Flying saucers: spinning or not?

Having seen relatively few in person, and my biggest experience those that I’ve seen I think they come in three main types (so far as motion):

a) Those that spin
b) Those that do not spin
c) Those that do not spin–but have moving lights (phi phenomenon)

In the movie “Earth vs The Flying Saucers” and the Gerry Anderson series “UFO” I think they were all “a” types.

The 1960s series “The Invaders” used “b” types, but occasionally they used “c” types.

The “Jupiter II” might have been a type “c,” but I’m not totally sure.

Any other examples? I’m just curious what has been the most consistent representation.

The saucers in Mars Attacks! were an homage to Harryhausen’s spinning saucers in Earth vs The Flying Saucers, but instead the top spun one way and the bottom spun the opposite way.

That line should have read " my biggest experience is those that I’ve seen in movies. . . ."

The ones in the Witch Mountain movies were of the A type.

My memory is hazy, but I believe the flying saucer at the beginning of The Thing is type c, although it might have been type a.

**This Island Earth ** was a non-spinning type, as was Forbidden Planet.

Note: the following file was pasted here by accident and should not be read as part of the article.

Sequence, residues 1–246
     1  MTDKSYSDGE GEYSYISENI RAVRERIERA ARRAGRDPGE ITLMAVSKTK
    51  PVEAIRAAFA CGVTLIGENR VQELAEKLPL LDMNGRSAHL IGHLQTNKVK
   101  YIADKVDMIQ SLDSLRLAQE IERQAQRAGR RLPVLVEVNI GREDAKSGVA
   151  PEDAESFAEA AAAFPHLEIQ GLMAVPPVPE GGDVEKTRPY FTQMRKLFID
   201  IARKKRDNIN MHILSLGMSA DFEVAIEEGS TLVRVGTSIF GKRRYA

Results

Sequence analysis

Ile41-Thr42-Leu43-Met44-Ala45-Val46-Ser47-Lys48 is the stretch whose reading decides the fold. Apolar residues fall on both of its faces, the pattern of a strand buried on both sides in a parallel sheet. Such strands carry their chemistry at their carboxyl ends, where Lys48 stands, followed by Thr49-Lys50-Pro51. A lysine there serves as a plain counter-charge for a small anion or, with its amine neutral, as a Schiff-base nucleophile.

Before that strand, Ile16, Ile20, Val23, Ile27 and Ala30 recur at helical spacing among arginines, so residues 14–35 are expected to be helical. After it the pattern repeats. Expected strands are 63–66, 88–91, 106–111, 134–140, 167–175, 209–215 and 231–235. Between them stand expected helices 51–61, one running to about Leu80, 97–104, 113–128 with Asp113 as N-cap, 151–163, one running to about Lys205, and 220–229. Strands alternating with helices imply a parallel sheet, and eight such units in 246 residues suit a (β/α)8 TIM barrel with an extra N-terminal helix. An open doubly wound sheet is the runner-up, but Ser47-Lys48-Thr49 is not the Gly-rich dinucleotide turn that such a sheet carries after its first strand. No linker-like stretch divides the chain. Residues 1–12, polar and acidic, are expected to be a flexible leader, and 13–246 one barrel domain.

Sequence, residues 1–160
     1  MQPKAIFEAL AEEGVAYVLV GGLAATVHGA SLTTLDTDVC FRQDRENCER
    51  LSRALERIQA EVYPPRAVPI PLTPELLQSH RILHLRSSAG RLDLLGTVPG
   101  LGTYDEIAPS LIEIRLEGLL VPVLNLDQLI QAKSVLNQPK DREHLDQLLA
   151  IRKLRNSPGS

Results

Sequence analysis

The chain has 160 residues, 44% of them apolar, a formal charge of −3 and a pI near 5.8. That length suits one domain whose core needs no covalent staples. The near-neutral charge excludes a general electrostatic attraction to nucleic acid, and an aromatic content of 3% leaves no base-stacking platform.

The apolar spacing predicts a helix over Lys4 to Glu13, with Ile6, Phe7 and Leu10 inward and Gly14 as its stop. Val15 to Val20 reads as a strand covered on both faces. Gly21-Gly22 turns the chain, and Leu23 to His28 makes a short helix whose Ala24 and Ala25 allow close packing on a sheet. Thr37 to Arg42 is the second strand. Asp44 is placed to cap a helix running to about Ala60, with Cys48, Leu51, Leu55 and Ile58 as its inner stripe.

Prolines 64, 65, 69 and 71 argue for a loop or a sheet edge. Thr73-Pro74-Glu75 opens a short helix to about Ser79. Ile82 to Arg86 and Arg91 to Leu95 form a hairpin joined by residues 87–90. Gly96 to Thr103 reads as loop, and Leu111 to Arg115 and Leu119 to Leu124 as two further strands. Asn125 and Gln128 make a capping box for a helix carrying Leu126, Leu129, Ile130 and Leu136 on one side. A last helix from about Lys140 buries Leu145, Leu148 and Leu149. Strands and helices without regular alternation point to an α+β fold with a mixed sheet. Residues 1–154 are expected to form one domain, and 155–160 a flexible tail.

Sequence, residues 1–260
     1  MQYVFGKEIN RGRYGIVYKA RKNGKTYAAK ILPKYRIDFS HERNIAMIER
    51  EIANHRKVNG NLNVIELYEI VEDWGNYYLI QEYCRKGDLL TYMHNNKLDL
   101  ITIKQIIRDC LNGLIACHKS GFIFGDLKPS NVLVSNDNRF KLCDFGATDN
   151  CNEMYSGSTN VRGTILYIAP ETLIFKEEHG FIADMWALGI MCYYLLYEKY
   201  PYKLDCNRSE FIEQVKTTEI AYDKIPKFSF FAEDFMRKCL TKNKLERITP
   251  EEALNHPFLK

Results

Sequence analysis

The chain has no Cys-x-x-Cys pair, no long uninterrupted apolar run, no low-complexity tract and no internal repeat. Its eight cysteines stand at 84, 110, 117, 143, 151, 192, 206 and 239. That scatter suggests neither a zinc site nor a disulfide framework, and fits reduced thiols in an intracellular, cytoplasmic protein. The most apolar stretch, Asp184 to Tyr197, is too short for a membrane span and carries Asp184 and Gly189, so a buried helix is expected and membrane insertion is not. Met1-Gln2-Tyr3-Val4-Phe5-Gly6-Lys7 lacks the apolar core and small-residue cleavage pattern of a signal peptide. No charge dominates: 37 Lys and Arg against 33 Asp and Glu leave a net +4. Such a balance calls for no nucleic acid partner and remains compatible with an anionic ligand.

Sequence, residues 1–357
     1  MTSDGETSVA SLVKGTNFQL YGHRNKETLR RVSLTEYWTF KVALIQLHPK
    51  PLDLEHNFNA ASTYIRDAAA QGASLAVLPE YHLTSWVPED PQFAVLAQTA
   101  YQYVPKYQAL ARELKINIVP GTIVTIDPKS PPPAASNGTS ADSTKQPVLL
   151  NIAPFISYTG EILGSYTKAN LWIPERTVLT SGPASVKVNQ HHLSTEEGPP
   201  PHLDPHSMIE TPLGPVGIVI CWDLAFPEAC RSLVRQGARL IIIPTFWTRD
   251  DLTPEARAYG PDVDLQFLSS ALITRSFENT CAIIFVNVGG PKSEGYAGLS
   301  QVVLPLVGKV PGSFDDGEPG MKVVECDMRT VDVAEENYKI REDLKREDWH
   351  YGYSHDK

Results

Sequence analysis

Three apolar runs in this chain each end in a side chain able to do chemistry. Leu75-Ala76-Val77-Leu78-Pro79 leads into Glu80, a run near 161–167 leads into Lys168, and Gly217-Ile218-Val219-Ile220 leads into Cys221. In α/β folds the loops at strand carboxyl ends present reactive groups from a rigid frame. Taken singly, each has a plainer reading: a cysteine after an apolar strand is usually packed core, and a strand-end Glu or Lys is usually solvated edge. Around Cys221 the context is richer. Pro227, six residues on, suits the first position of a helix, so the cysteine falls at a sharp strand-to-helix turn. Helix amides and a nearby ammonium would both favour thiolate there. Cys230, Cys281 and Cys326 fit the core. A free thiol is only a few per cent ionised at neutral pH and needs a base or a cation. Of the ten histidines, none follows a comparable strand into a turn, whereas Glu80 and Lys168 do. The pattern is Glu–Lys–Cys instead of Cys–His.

But the best saucer of all is in Devil Girl from Mars. The main body is stationary, but the rim spins, and it makes a heckuva sound, too. The movie as a whole is talky and slow, but the saucer and the robot are marvels of late-Deco design. (The Devil Girl herself is a marvel of early Fetishistic leatherwear design–hubba hubba!)

I’ve never understood the spinning flying saucers. Don’t the aliens get queasy, or flattened against the outer edge, or at least slip and fall a lot?

Well, in both Forbidden Planet and This Island Earth the passengers were protected by clear plastic tubes or forcefields or something during the dangerous parts of the trip. But those were non-spinning types, so I guess I haven’t really responded to your concern. (sigh) Heaven knows motion sickness would be, ahem, undesirable while encased in a plastic tube… :wink:

It further occurs to me that this is where the Devil girl from Mars design really excels: From the spinning rim, you get the undoubted performance advantages of spinny-ness, while enjoying the rider comfort benefits of the main body’s stationary-ism.

in the completely unknown but truly excelent film, The Bamboo Saucer, the rim has spinning lights. This would make it a ‘C’.

I believe on Type-A saucers the inside is stabilized and seperate from the outer spinning hull. polarized graviton-gimbals if memory serves*.

*the memory that I just made up, that is.